I expected to be able to cross the range and work on the Atlantic side, but I find the country is unhabited except on the coast – Bocas del Toro, Fish Creek etc. and no road, except on foot. In a few weeks, shall go down to David and pack up a collection, then go perhaps to Bugaba, San Miguel etc.

No letters yet – though nearer home, seem much farther away than in Guatemala, knew what days the mail left, here mails don’t trouble the people much, they do without them, sending their letters by the first boat that comes – steamer or sailing vessel – for Panama.

The Swiss family here consists of two brothers (with their wives and families) who know England better than I do. This is Sunday evening, while I am writing one of these gentlemen is amusing himself catching moths for me and the others are reading etc. We get up very early, long before 6 a.m., have coffee first thing, breakfast about 11, dinner about 5.30, at 6 p.m. it is dark, to bed at 9. Thermometer at this elevation (3000 feet) generally 75, falling a little during the night, can sleep with two blankets; in David, a sheet is too much. This is a small wooden house with galvanised iron roof but there are few houses like this, nearly all the native habitations are miserable huts of sticks, mud and thatch. Bought two horses, but they have not turned out very good, wish I had my old mule again.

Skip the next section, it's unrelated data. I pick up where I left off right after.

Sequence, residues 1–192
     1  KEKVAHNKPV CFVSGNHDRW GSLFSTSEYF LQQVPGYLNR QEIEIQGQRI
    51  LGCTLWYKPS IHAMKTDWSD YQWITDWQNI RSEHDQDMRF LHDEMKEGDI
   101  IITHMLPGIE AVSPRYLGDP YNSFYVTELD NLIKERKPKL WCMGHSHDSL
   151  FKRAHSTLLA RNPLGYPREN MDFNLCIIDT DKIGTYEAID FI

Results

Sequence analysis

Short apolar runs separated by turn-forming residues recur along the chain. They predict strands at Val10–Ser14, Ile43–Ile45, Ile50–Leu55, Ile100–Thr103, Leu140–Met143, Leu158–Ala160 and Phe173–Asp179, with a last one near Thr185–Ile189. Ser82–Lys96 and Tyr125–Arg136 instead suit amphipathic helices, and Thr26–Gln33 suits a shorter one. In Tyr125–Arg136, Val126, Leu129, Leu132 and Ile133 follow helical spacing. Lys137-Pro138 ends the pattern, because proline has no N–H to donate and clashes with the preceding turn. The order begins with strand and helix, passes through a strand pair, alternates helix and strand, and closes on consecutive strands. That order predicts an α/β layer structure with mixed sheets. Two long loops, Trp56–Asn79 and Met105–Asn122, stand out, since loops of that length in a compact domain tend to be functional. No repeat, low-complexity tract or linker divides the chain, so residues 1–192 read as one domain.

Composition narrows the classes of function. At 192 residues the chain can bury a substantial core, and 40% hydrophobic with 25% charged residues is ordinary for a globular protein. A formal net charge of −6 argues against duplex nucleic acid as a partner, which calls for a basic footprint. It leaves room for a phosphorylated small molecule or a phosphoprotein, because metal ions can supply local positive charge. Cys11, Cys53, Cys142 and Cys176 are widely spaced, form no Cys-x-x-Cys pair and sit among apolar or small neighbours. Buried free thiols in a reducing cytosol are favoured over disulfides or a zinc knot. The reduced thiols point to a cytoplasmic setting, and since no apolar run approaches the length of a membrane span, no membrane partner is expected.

After heavy rain, the rivers smell very much and are often difficult to ford, scarcely any bridges in this country. My watch has kept gaining all the time, the spare one I brought with me I have not liked to sell in case I should injure the other. Travelling in these countries I have to make a selection of the most necessary things, as much as I can carry on the two horses – a change of clothes and boots I brought with me, bought a few cotton shirts, socks, collars, etc also lighter things for the heat, most of those I brought with me, much too heavy for the Tropics. How would you like a black or Indian servant in the house, barefooted, and with a cigar stuck in her mouth from morning till night, even when nursing a child? Such is the custom in these countries, men, women and children smoke from morning till night, tobacco is so cheap, often to be bought for 6d a pound, but they have no machinery to cut it up fine, so people smoke cigars or cigarettes. Fortunately, Mr. Salvin sent me a new waterproof coat, cannot stir out without one, generally carry a gingham also. I am getting very anxious about my letters, it is so long since I heard from you all, from Mr. Salvin the same, nothing of later date than the beginning of February, want to know very much what you are all dong; one thing, you hear from me, even if I do not from you. Expenses are lighter in Chiriquí than in Guatemala, drew money on Mr. Godman just before I left Guatemala, and again in Panama, but as yet have not had to spend much of it, in a country where people live on rice and salt beef, money will not help one much.

Hoping to hear good news when I do receive a letter, also that you have received the coffee (am afraid that you will have to pay more than I thought to get it) all right,

With best love to all,

Believe me,